Information and (random) thoughts on environmental governance
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Are Governments Ready for Rio 2012?

Guest post by Carole Excell

Photo credit: flickr/David Berkowitz

Though the next Earth Summit, Rio+20, will take place next June, few governments have started to seriously assess their progress towards achieving the internationally agreed upon sustainable development goals outlined in the Rio Declaration and Agenda 21, according to a recent survey from the Access Initiative.

Time is running short. In order to have a successful Rio+20, governments must submit meaningful and ambitious goals to the Zero Draft of the Outcome Document by November 1, which will outline the agenda and discussion points for Rio+20.

At the 1992 Earth Summit, governments gathered to rethink economic development, protection of the environment, and empowerment of people. Two of the most notable outcomes were the Rio Declaration, which outlined the principles needed to support sustainable development, and Agenda 21, the action plan for reaching these sustainable development goals (see box).

The 1992 Earth Summit was a great success in that it established a new perspective on the relationship between humans and the environment, however its legacy has been waning. Monetary policies have not balanced environment and development concerns, capacity building is a sidelined pillar of sustainable development, and governments have not progressed consistently in implementing refined ecosystem management practices.

The inability of the international community to implement the environmental and development objectives laid out 20 years ago in the Rio Declaration and Agenda 21 requires governments to critically reflect on why these internationally-agreed upon objectives were not or could not be fulfilled.

  • The Rio Declaration on Environment and Development is comprised of 27 principles that lay out objectives to achieving environmental well-being and reduction of poverty and waste.
  • Agenda 21 is the “blueprint” for global partnership to address specified challenges facing the international community: how to link society, economy, and nature (2) protection of natural resources, and inclusion of the public in decision-making.
  • Principle 10 states that environmental decisions are best handled with participation of all concerned citizens, at the relevant level.

The 5 Questions Campaign

In late spring 2011 The Access Initiative (TAI), a network of civil society organizations promoting the implementation of Principle 10 of the Rio Declaration, submitted five questions to governments focusing on how states were progressing in their preparations for Rio+20 and implementing this principle nationally. The “5 Questions Campaign” asked 24 governments questions related to Rio+20; governments were given 60 days to respond. Fifteen of the 24 governments responded with information directly related to the questions; most provided indefinite progress reports and were non-committal in their preparation efforts. (A detailed write-up of each of the countries’ responses can be found on the TAI website. Eight Latin American, three African, three European, and one Asian country responded.) In summary governments:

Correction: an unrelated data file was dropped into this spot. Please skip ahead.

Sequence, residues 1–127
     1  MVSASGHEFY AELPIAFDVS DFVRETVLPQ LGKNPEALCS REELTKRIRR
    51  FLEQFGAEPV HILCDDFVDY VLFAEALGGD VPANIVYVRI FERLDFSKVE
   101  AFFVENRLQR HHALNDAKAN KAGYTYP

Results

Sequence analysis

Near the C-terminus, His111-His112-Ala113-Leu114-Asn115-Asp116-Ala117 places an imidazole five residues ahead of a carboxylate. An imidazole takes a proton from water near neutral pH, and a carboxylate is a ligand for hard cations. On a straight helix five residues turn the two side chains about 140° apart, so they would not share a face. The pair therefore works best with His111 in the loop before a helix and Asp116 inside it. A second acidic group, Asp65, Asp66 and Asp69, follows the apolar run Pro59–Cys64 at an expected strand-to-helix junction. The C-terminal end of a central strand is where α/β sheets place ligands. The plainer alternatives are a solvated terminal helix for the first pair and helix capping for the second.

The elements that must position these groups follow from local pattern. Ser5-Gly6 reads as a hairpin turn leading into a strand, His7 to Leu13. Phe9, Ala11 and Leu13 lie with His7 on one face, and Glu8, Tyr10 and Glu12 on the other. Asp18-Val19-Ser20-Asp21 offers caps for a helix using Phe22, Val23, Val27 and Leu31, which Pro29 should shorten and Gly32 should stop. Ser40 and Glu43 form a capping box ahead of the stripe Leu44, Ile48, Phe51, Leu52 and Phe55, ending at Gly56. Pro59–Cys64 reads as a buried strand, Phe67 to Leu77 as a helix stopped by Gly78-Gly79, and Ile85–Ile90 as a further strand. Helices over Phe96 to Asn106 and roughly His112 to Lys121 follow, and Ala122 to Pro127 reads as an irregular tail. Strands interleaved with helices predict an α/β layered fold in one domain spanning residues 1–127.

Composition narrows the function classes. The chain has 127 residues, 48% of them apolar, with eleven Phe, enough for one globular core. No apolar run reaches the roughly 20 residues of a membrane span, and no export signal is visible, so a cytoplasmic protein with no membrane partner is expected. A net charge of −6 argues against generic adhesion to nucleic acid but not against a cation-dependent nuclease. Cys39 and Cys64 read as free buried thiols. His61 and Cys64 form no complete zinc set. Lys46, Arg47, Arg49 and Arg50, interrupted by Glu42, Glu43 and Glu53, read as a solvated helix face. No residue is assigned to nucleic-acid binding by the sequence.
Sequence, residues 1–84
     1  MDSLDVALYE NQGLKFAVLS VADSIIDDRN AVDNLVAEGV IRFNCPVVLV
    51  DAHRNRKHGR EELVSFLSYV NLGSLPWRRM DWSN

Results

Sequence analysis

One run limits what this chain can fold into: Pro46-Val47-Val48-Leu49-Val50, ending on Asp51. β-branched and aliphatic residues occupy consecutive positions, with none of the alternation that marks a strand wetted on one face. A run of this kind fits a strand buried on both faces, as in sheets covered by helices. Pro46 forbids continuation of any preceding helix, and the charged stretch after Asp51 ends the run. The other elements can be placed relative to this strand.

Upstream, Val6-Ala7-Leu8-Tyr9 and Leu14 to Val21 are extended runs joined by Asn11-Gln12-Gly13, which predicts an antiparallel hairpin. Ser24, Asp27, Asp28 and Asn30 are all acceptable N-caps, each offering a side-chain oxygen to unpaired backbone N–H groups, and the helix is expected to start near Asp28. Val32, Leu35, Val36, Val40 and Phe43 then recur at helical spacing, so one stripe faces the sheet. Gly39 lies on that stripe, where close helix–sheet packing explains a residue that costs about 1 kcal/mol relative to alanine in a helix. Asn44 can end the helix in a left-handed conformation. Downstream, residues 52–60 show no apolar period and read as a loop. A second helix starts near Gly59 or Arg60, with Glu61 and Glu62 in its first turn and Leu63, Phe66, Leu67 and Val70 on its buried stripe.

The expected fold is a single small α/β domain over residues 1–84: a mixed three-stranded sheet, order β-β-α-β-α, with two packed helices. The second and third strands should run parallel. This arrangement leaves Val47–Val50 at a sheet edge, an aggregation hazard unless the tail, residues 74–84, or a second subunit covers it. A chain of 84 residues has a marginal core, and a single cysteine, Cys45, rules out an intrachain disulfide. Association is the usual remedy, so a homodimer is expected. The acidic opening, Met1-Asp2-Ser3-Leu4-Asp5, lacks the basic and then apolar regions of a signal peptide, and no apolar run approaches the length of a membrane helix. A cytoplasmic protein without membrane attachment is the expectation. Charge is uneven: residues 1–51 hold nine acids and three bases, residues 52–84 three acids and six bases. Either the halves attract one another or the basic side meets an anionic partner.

• Made broad statements supporting citizen participation, information access, and justice but did not provide examples of how Principle 10 had been implemented, practiced, or protected, making no reference to improving commitments for Rio+20.
  • Advocated the importance of a “green economy” and “sustainable development,” but warned against a conference dedicated to the issue of the green economy which would derail the theme of improving the institutional framework for sustainable development.
  • Acknowledged that they had not yet begun forming committees or councils to reach out to the public about Rio+20; some cited resource constraints, while one government department responsible for the environment acknowledged they were unaware of Rio+20.

The 5 Question campaign illustrates that governments’ preparations for Rio+20 are insufficient; if Rio+20 is going to implement legitimate action plans on goals for sustainable development, governments need to quickly begin:

  • Reflecting on internal progress on Agenda 21 and the Rio Declaration.
  • Articulating to stakeholders how to become engaged with Rio+20 preparation process and how the government itself is preparing for next year’s summit.
  • Outlining their national, regional, and international goals relating to both Rio+20 themes with a specific focus on strengthening the institutional framework for sustainable development.